Porn is fake, the stuff of male fantasies and the majority of it is definitely NOT female friendly so is it any surprise that girls are displaying inappropriate sexual behaviour, place far too much emphasis on appearance, see sex as a commodity to exchange for power, are desensitised to intimacy and quite often get into dangerous relationships and sexual situations? It is not fair to simply blame the boys for their demands or behaviour as they are just normalising what they see on their computer screen and watching girls in the sports hall pole dancing is not going to help the situation anytime soon.
The more we glamorise and normalise the products of the sex industry, the more we steel their childhood years and what about the girls that are appalled by this? Well, they become alienated, subject to serious peer pressure and potentially bullied.
Be assured, if my daughter’s school made the decision to offer girls the option to learn to pole dance in PE lessons, both myself and my husband would be making noises not only to the Head but to the Governors and if necessary the local press. Personally, as if you needed a reminder, I feel this is categorically unacceptable. Rant over, but I leave you with a challenge…..
Reality TV is part of this porn poison and a key influencer for young girls. I challenge you to watch some of this stuff over the following month in order to make your own mind up about the content and messages rather than take my word for it. And if you have a young daughter call it research! Tune in to The Valleys, Jordie Shore, The Only Way is Essex (TOWIE), The Kardashians or any of the holiday docu soaps like Sun, Sea and Sex or Holiday Reps Abroad. It is all there, in full colour.  Take a deep breath and good luck!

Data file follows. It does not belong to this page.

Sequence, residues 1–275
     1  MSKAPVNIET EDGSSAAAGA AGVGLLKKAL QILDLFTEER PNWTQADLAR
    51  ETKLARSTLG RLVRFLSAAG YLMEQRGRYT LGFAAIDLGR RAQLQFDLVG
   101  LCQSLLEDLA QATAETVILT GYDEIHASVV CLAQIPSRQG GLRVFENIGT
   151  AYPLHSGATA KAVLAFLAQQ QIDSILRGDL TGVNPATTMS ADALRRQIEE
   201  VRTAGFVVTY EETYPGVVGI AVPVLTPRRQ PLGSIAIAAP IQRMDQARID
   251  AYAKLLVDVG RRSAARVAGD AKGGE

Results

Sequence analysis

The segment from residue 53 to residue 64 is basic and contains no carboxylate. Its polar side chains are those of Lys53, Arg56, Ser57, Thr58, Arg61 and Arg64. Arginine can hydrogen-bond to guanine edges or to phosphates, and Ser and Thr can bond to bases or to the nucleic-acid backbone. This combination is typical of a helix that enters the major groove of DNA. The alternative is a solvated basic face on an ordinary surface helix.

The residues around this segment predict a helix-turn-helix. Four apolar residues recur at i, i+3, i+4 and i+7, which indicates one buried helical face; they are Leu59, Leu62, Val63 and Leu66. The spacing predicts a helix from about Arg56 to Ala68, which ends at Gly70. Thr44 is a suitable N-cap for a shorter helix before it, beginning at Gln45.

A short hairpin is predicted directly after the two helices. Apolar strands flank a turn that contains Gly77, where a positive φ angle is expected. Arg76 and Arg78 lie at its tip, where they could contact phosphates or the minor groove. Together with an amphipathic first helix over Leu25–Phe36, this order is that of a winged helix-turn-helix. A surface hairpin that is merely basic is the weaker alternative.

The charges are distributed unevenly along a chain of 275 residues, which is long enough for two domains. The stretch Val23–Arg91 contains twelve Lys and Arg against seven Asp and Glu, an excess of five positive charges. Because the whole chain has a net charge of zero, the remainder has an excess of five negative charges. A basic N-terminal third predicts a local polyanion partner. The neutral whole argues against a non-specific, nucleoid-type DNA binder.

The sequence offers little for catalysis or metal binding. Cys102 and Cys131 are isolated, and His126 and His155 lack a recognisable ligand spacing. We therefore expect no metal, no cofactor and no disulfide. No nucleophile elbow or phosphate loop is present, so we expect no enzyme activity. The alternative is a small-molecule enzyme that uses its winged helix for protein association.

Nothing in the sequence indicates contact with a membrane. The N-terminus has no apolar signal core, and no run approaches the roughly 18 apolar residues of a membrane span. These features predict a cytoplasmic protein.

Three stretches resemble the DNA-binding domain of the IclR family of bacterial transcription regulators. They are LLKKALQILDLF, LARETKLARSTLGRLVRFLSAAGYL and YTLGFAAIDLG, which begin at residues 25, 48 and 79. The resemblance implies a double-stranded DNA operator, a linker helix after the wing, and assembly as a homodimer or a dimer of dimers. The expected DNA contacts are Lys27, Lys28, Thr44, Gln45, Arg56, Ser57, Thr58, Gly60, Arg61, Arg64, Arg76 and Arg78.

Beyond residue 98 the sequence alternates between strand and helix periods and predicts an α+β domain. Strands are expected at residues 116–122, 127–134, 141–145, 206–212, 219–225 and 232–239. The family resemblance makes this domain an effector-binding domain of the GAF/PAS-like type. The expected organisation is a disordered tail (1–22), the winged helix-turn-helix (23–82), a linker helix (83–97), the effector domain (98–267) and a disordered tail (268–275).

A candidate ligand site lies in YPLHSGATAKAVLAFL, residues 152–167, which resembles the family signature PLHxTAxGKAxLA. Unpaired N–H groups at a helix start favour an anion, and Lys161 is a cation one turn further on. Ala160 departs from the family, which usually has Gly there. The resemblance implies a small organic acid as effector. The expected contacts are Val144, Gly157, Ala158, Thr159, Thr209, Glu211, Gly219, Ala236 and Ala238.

8 comments:

  1. Katherine

    Good God! Poles for dancing round in school?????? Are you kidding me? Somewhere, a head teacher needs to be dismissed. I wouldn’t feel comfortable leaving a minor in the care of someone who displays such a sorrowful lack of judgment.

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  2. I completely agree! Where have all the role models gone? And shouldn’t we be trying to bring them back rather than thinking, ‘Oh, this is just how life is now. We’d better just move with the current times.’ Oh, no, current times do not have to be like this because in doing so we’re allowing boundaries to move, and what was once unacceptable & shocking no longer is so. We need to take a stand. Fast.

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    1. janekenyon

      our mission at Girls Out Loud is to take real role models into the classroom. Check us out and get involved http://www.girlsoutloud.org.uk

      Reply
      1. Diane

        I feel we need to rebuild our own communities, starting with our own families. Be the role models we want for our families. Don’t rely on others to display what we want our kids/ families, friends to have in the way of values, morals and education etc. We as individuals need to step up be strong and do what’s right, even if it means getting rid of our comfort zones (I know its hard because I struggle with this every day).